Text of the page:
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  • Writer's pictureStudent Wellbeing Service

Guidance and tips for navigating conversations with a friend about their wellbeing

We all experience difficulties at different times in our life. When we are distressed it is hard to think logically and see things clearly so having someone you can turn to for support that is outside of the situation can be helpful.

When someone you care about is dealing with a tough time, it’s natural to want to help but not always easy to know how to. Here are some tips on how to be there for someone who’s going through a lot whilst also looking after yourself.

  • Tips

  • Looking after yourself


1. Listen

The urge to suggest solutions is normal but it’s also fine to just listen, ask prompting questions that encourage further reflection or elaboration, and take time before responding.

Your friend will be the expert in their unique situation. Listening with curiosity and reflecting on your understanding of their story can be helpful in clarifying the issue for both parties. Often, being given the opportunity to feel genuinely heard can be supportive and cathartic for the other person.

2. Identify the sources of their difficulty

Difficult experiences are usually a jumble of interconnected issues which could include personal, academic, and financial worries, cultural differences, familial pressures etc.

Helping them to separate out these concerns (writing them down) can provide a useful starting point for understanding what the problems are and how they can be managed or supported.

  • Ask them what factors are inside their control, and what is outside their control, and how they think they could resolve the issues.

  • Asking “what do you think you need” can be a powerful question to start the process of support.

3. Encourage them to understand their anxiety

Anxiety is the single most common issue facing most people at University and can lead to the mind becoming captured by worries and feeling stuck or overwhelmed.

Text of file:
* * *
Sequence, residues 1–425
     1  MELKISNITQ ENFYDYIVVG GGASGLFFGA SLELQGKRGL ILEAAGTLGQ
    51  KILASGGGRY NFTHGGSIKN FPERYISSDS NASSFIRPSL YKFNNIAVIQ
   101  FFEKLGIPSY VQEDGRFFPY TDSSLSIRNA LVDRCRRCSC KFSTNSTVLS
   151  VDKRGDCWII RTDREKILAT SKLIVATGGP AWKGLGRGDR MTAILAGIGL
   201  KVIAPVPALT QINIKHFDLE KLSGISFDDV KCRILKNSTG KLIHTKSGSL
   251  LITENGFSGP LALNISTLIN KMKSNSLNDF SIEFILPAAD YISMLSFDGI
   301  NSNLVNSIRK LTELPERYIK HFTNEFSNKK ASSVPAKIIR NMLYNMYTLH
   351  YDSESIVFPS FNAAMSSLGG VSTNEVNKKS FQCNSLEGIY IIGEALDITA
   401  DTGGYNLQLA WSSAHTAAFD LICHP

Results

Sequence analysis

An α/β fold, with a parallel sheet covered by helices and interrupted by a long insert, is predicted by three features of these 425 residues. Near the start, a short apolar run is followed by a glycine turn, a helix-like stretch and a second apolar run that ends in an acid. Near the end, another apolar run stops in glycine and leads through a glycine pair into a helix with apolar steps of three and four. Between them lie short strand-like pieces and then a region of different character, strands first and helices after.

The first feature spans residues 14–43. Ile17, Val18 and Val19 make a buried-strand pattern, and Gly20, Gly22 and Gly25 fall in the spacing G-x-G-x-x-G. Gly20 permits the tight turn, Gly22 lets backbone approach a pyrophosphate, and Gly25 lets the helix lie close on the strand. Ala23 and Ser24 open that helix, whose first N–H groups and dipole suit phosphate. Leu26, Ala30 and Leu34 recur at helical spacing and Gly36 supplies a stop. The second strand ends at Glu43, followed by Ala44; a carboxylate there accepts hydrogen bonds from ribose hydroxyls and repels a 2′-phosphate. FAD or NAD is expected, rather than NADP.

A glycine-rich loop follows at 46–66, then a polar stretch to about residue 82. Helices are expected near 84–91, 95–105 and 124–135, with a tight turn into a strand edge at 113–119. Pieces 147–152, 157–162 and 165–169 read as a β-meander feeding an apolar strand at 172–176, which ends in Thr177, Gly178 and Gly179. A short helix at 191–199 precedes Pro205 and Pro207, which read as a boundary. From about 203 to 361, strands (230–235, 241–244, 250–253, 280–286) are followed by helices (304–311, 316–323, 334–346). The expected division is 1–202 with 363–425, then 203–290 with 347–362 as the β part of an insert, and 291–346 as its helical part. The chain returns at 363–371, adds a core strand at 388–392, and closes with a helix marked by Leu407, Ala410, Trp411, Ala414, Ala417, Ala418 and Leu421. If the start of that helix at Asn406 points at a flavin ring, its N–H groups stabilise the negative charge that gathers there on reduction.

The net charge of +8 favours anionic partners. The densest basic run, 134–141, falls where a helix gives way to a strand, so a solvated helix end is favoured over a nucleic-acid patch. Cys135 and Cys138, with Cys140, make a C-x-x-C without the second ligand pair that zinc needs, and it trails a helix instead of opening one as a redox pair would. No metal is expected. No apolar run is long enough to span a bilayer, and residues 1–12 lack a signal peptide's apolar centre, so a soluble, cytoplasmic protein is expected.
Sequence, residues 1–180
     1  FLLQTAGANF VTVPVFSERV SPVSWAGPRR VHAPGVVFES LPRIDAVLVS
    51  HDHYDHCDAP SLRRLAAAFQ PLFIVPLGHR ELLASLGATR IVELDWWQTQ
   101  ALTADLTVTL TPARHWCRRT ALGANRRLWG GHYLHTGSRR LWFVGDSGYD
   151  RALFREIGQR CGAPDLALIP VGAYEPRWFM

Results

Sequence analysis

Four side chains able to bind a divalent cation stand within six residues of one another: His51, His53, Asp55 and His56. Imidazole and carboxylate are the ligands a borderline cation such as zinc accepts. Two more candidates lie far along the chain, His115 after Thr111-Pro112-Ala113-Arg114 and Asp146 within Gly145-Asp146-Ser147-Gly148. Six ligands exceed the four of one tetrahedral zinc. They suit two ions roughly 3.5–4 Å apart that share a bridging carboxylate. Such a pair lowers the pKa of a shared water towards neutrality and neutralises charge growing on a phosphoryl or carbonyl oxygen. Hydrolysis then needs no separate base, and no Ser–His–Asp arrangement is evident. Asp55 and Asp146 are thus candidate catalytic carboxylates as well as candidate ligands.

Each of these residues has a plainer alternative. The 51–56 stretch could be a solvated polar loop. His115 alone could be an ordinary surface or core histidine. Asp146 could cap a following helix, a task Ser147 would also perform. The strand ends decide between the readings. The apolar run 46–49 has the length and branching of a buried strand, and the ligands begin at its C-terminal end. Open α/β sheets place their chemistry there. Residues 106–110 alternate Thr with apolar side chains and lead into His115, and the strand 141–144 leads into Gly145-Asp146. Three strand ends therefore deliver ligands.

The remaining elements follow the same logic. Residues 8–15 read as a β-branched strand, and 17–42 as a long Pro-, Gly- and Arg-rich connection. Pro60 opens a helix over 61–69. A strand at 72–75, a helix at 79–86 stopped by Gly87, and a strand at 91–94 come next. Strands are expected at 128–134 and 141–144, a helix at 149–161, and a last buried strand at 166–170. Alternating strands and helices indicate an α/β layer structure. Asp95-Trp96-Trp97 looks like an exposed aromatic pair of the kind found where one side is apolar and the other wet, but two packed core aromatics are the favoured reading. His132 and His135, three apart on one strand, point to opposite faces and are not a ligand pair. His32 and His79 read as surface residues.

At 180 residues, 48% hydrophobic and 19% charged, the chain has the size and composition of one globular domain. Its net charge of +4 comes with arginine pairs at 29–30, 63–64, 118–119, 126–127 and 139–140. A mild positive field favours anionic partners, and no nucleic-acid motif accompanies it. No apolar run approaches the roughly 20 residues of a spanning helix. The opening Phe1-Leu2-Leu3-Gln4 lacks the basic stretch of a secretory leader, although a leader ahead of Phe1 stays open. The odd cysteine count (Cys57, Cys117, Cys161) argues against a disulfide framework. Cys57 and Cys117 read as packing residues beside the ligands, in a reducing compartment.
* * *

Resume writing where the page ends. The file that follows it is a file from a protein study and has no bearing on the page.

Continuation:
This anxiety, or “fight, flight, freeze” response can also be accompanied by physical discomfort, and it is worth encouraging them to learn about this natural response so they understand what’s happening to them, and why taking steps to improve their condition is worthwhile.

4. Address uncertainty

Supporting your friend to reflect on what’s happening and what their specific concerns are may help them to challenge unhelpful or unrealistic stories they may hold about what things ‘should’ be like or what they worry ‘might’ happen.

Reducing uncertainty by identifying concerns clearly and accurately helps to ground worries in reality, and can be helpful in deciding the next steps to take.

5. Encourage them to plan

Recommend planning of realistic goals in conjunction with opportunities for self-care. This could be through using a timetable, task managing app or calendar.

Encouraging them to attend to their foundational wellbeing is a useful starting point in helping to manage anxiety by activating their innate counterbalance to the anxiety response, the “rest and digest” state. These basic wellbeing fundamentals include planning regular and consistent:

  • Sleep

  • Diet and hydration (limiting caffeine)

  • Exercise

  • Social contact

  • Relaxation

You can also let your friend know about wellbeing appointments with the Student Wellbeing Service, which can support them to make positive changes, identify and challenge unhelpful tendencies, and put these fundamental factors in place.

6. Encourage them to be proactive

Encourage them to proactively consider their wellbeing early on in their journey. It’s better to build a self-supportive routine in the early stages to avoid or minimise difficulty later.

The wellbeing service blog and self-help pages contain student-focused resources available to all students.

Looking after yourself

1. Set boundaries

Set realistic expectations of what help you can offer and emphasise the importance of your friend taking ownership of looking after their own mental health and wellbeing.

Clear boundaries and realistic expectations can protect you from trying to support someone that is better cared for elsewhere and can help manage any distress you may be exposed to.

This might include:

  • Being explicit in stating that you can listen to their difficulties, but will direct them to support services for specialised assistance such as SAMHS, The Student Wellbeing Service, the University Health Service.

  • Being clear that you also need time and space to look after your wellbeing and mental health to avoid developing dependency or expectations that you’re available 24/7.

Mirroring the importance of self-care and feeling able to say ‘no’ in an empathic and caring manner can help reinforce appropriate boundaries and foster healthier, balanced relationships.

2. Be mindful of your own capacity

It may be that your friend discloses something challenging to hear or even upsetting.

As much as it’s important that your friend knows there’s support available for them, you should also make use of the support options available too. Being exposed to someone else's distress can be unsettling and impact your own wellbeing.

It’s important to remember that its OK if you feel that you can't or don't want to respond and instead direct your friend to support services. This can give them a chance to talk through an issue with an experienced professional, such as your faculty wellbeing or welfare adviser, or someone from SAMHS depending on the level of concern.

The Student Wellbeing Service

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